Pe.S.sub. 2 + Pb.S.sub. 3 = Pv.S.sub. 1 ##EQU2##

where Pe is the pressure, viz., the amplified vacuum in the control chamber 38, Pv is the suction prevailing at the venturi portion 26 of the engine carburetor 28, Pb is the intake manifold vacuum at the vacuum chamber 58 of the vacuum level control unit 30, S1 is the effective sectional area of the first diaphragm member 34, S2 is the effective sectional area of the second diaphragm member 36, and S3 is the effective sectional area of the third diaphragm member 52.

From this, it will be understood that the pressure Pe in the control chamber 38 is varied in dependence on the vacuum Pv at the venturi portion 26 and the intake manifold vacuum (Pb). Thus, the controlled pressure or the amplified venturi vacuum for actuating the valve head 20a of the control valve 14 increases as the venturi vacuum or suction increases and, where the venturi suction is at a constant level, the controlled pressure in the chamber 38 decreases as the intake manifold vacuum increases whereas the controlled pressure increases as the intake manifold vacuum decreases. It should thus be noted that in the case where the intake manifold vacuum is at a constant level, the controlled pressure is varied with respect to the variation in the venturi vacuum and, thus, the amount of the exhaust gas recirculation is controlled in proportion to the venturi suction or vacuum.

A modified form of the exhaust gas recirculation system according to the present invention is illustrated in FIG. 3, in which like or corresponding component parts are designated by the same reference numerals as those used in FIG. 2. This modification differs from the system shown in FIG. 2 in that biasing means such as a tension spring 50 is mounted between connecting rods 40' interconnecting the first and second diaphragm members 34 and 52. In this modification, the pressure Pe in the control chamber 38 is varied in accordance with the following equation:

Pe.S.sub. 2 = Pv.S.sub. 1 + F - Pb.S.sub. 3 ##EQU3##

where F is the preload of the tension spring 50.

It will now be understood from the foregoing description that the exhaust gas recirculation system of the present invention is arranged to be responsive to both venturi vacuum and intake manifold vacuum whereby, when the intake manifold vacuum is at a constant level, the amount of exhaust gas recirculation is controlled with respect to the variations in the venturi vacuum or proportionally to the amount of suction air supplied into the engine. It will also be noted that, when the intake manifold vacuum is at a high level, the amount of the exhaust gas recirculation is decreased to a level below that proportional to the amount of the air supplied into the engine whereas, when the intake manifold vacuum is at a low level, the amount of exhaust gas recirculation is increased to a level above that proportional to the amount of the suction air supplied into the engine. Thus, the amount of noxious nitrogen oxides contained in the engine exhaust gases are decreased to a low enough level for reducing air pollution throughout the various operating conditions of the engine.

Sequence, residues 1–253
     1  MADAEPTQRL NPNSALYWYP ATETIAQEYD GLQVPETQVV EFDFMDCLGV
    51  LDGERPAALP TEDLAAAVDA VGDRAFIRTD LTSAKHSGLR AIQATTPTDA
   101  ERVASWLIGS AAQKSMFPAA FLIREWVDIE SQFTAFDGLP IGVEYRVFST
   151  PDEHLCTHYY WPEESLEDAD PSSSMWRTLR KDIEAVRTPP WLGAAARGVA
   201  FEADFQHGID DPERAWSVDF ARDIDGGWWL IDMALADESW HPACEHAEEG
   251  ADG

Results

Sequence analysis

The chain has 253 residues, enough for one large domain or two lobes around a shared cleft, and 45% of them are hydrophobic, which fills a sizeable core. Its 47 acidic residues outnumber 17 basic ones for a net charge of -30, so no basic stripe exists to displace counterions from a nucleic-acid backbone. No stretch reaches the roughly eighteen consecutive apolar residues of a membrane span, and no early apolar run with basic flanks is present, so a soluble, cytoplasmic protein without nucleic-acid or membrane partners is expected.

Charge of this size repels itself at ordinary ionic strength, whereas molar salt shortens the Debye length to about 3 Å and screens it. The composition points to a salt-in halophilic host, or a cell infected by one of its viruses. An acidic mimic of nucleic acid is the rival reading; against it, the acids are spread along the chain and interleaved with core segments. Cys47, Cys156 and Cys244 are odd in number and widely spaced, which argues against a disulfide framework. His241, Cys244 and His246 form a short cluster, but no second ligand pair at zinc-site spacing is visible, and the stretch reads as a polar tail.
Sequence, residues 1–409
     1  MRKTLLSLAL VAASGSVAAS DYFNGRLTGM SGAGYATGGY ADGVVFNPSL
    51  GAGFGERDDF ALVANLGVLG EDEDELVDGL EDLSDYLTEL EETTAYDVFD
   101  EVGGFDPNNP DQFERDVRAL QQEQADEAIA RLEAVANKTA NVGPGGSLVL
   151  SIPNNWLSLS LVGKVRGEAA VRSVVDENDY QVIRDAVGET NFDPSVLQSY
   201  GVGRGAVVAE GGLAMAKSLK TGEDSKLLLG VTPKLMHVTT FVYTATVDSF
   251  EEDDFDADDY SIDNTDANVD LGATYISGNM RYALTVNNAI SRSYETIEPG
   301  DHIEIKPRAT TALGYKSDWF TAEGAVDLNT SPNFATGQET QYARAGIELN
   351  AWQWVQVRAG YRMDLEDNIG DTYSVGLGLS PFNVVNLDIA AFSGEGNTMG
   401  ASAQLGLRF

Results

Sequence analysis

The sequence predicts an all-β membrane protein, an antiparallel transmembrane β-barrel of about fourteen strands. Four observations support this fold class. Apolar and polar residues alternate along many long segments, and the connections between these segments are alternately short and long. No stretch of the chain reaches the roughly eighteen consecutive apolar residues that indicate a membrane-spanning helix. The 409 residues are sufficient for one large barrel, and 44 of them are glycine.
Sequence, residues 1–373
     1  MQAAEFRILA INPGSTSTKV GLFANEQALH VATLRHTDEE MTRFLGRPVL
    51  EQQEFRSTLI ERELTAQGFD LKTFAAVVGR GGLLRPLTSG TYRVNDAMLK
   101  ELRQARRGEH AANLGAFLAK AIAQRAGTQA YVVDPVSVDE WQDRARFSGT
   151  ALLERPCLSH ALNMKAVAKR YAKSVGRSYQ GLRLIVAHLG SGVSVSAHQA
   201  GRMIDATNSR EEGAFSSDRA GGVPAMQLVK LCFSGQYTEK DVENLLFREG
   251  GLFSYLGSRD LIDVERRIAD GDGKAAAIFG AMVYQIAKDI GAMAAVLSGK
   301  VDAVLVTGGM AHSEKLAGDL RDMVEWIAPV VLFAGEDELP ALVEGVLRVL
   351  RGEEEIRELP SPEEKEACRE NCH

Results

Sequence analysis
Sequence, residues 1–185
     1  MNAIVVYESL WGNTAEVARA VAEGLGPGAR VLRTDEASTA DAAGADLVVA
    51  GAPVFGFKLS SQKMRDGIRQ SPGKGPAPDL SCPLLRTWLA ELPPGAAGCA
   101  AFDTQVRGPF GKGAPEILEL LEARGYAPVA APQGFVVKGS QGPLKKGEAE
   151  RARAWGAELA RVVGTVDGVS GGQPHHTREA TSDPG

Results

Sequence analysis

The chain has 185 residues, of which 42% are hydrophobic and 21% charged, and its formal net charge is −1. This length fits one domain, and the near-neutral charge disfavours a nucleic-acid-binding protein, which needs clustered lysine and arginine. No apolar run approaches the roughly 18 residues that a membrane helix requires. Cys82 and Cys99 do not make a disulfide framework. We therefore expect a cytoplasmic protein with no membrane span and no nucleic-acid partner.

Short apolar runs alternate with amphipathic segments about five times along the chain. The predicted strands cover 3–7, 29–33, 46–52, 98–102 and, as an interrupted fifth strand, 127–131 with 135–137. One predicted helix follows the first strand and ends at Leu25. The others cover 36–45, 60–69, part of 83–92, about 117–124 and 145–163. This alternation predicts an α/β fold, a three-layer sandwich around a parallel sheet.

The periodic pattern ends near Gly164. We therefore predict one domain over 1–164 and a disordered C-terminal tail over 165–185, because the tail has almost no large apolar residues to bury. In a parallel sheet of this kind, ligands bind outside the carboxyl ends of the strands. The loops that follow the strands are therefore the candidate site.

Patent Citations
Cited PatentFiling datePublication dateApplicantTitle
US3835827 *Jan 29, 1973Sep 17, 1974Ford Motor CoExhaust and gas recirculating system
US3884200 *Aug 3, 1971May 20, 1975Ranco IncExhaust gas recirculation control system for internal combustion engines
US3896777 *Aug 27, 1973Jul 29, 1975Nissan MotorExhaust gas recirculation control device
Referenced by
Citing PatentFiling datePublication dateApplicantTitle
US4057043 *Jun 11, 1976Nov 8, 1977Nissan Motor Co., Ltd.Exhaust gas recirculation system
US4104879 *Apr 22, 1976Aug 8, 1978Toyota Jidosha Kogyo Kabushiki KaishaSecondary air supply system for an internal combustion engine
US4109462 *Nov 24, 1976Aug 29, 1978Nippon Soken, Inc.Device for purifying exhaust gas discharged from internal combustion engine
US4130093 *Apr 12, 1977Dec 19, 1978Nissan Motor Company, LimitedExhaust gas recirculation control system
US4150646 *Sep 19, 1977Apr 24, 1979Nissan Motor Company, LimitedEGR Control system for internal combustion engines
US4152892 *Dec 13, 1976May 8, 1979Nissan Motor Company, LimitedSecondary air supply device for engine exhaust system
US4170972 *Jul 21, 1977Oct 16, 1979Nissan Motor Company, LimitedExhaust gas recirculation control system
US4186702 *Jun 2, 1978Feb 5, 1980General Motors CorporationExhaust gas recirculation control
Classifications
U.S. Classification123/568.27
International ClassificationF02M25/07
Cooperative ClassificationY02T10/121, F02M25/0777
European ClassificationF02M25/07V2F2E